12-19-2009 08:03 AM
WanderingStar Well, don't sue me if I try the simple solutions before hauling.
My favorite penetrating oil is Kroil. I once disassembled a shaft coupling that was featureless by spraying it all winter with Kroil. In the spring it came apart as if new.
12-19-2009 07:32 AM
tempest Stillraining.....yup.. I think I've seen that before!!....
12-18-2009 11:34 PM
Stillraining Well in that case here this should help you out understanding what you have..IMHO best valve ever made. I tore all mine down when I had the boat on the hard the first time and gave them a good R&R.
12-18-2009 08:49 PM
JVallely I hate to sound discouraging, but I had the same problem and tried many of the above sensible tricks without success. The PO had neglected them and 3 bronze ball-type thru-hulls were locked open.
Propane was out at the time because of the fire hazard and plastic seals. Boiling water barely got them warm--too much thermal mass plus full of the ocean. A heat gun got them warmer but didn't work for me. So I doubled up on the clamps, put wood plugs in just in case and thought pure thoughts for the next few weeks.
Once hauled out for the season, repeated dousings with a solvent worked over time. A solvent means PB Blaster or equivalent--not WD-40. The latter is a great water displacement ('WD') formula for drying your spark plug wires. It's not meant to be a solvent. It's basically kerosene--not anybody's first choice of rust-busters. (I use PB Blaster on rusted farm machinery & old cars.)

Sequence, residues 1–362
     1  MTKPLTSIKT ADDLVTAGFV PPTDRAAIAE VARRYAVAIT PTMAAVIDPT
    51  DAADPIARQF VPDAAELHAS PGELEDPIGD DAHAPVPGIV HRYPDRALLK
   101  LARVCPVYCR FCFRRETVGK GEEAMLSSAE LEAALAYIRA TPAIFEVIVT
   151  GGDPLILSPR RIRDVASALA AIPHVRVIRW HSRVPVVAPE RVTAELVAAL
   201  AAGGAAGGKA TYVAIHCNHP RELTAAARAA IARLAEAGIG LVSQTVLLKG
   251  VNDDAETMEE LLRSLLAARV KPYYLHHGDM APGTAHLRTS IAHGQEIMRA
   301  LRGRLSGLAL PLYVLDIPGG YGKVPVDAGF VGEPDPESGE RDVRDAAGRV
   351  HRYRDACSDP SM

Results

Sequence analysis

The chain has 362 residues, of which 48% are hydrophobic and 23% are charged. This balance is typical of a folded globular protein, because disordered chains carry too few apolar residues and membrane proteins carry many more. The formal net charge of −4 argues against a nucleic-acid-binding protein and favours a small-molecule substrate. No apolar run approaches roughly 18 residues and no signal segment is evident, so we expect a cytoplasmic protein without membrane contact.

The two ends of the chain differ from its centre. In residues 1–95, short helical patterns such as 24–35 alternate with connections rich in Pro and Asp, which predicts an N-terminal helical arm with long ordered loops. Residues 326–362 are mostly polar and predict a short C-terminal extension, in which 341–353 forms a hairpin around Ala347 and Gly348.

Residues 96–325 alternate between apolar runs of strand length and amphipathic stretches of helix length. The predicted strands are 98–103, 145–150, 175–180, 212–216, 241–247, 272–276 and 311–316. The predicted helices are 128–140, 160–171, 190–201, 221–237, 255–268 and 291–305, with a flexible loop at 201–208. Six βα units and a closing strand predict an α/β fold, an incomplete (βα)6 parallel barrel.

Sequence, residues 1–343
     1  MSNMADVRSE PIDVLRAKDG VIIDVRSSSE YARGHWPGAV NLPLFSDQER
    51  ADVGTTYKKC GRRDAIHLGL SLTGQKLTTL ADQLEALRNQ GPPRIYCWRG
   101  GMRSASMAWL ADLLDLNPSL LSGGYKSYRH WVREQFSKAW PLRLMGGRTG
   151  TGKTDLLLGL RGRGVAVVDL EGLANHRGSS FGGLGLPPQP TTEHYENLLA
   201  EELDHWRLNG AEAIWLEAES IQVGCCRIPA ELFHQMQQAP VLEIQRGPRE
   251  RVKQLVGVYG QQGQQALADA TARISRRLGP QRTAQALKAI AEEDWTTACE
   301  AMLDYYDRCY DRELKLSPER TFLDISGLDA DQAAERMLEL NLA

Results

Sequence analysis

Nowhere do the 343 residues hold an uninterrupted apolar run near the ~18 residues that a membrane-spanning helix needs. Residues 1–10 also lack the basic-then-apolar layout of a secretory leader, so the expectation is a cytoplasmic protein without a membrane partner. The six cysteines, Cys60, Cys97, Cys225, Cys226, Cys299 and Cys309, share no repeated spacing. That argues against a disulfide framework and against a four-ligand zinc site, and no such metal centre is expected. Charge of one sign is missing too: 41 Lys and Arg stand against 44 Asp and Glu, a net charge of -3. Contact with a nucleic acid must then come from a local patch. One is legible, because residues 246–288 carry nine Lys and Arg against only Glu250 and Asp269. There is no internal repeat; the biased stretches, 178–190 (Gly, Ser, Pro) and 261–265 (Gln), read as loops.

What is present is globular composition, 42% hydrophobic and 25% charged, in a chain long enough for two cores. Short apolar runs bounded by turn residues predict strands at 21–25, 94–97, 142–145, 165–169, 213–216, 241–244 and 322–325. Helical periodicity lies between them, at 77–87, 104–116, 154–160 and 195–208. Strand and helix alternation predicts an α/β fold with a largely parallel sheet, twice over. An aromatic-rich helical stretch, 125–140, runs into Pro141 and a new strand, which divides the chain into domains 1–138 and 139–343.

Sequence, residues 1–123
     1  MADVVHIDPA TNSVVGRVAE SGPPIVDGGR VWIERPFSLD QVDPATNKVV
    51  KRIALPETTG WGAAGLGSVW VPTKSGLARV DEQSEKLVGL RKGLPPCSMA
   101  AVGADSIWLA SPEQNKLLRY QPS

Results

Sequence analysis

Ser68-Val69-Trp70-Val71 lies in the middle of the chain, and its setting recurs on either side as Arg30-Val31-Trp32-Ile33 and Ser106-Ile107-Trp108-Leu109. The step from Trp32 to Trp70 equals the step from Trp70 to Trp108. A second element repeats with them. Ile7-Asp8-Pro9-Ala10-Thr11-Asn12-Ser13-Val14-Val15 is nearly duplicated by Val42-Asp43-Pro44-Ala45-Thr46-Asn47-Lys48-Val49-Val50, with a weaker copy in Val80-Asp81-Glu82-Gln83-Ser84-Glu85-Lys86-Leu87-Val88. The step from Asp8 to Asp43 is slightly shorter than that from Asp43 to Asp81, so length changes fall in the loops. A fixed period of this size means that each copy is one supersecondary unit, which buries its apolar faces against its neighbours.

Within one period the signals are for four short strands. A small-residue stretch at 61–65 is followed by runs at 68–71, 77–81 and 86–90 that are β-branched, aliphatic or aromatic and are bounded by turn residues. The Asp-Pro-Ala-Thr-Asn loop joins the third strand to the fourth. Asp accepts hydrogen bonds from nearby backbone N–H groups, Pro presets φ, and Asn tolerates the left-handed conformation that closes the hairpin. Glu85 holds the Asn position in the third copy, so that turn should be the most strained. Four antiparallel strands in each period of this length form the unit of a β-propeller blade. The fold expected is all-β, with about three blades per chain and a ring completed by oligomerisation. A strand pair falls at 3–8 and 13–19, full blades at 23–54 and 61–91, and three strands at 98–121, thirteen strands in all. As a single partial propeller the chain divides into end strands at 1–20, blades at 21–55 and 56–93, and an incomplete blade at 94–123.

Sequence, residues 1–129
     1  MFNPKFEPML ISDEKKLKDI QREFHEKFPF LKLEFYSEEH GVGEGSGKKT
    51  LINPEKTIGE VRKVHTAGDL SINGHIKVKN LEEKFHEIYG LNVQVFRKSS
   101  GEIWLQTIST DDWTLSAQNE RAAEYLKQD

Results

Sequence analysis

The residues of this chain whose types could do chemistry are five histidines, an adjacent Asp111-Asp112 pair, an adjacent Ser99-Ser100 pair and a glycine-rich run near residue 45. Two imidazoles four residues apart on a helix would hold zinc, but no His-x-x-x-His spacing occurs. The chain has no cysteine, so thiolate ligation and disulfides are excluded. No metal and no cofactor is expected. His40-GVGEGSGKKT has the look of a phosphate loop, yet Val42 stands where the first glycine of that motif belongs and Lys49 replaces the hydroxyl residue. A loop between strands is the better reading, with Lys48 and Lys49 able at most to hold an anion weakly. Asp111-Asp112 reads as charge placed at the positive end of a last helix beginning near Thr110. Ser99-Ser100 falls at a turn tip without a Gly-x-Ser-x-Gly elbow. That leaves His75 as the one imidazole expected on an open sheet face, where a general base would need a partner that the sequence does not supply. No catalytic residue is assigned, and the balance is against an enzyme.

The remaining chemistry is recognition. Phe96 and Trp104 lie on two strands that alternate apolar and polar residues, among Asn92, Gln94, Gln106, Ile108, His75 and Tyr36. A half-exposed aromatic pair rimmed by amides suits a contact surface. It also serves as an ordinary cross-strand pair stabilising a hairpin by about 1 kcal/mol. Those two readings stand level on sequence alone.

So I'd just hold my nose and have it hauled. Make sure you have a selection of big-a**ed monkey wrenches on hand, along with pipe cheaters & propane--you'll need them.
Good luck.
John V.
12-18-2009 04:36 PM
fourdegreesc Those are called quick hauls and I didn't think of that, but it's a great suggestion. Last one I had was $125, super cheap solution.

I've heard of people working on the bottom at low tide. You'd be hard pressed I would think to dry it up enough to paint the bottom though, at least according to the paint OEM specs.

As for jumping in, I hadn't looked at the OPs location. I'm from the south where we'd never give it a second thought, it's so routine here. But still, you're talking about two or three minutes in the water at most. If you have a decent wet suit you'd pull it off fine.

I thought bungs are emergency soft wood plugs. I've never heard the term applied to a valve, but I get the point. The OP didn't say it was one, but assuming that's true, they are not so bad to free up. Loosen the nut, as a previous posted suggested and tap tap tap.... You don't even need to take the nut off all the way. Of course you have to evaluate how hard to whack it. What will the support hold up to is a judgement call. Consider also backing up the valve itself with a second hammer. Place a heavy hammer against the valve housing and tap the nut (not the threads). The heavy hammer just adds weight to what would need to move before breaking the valve off.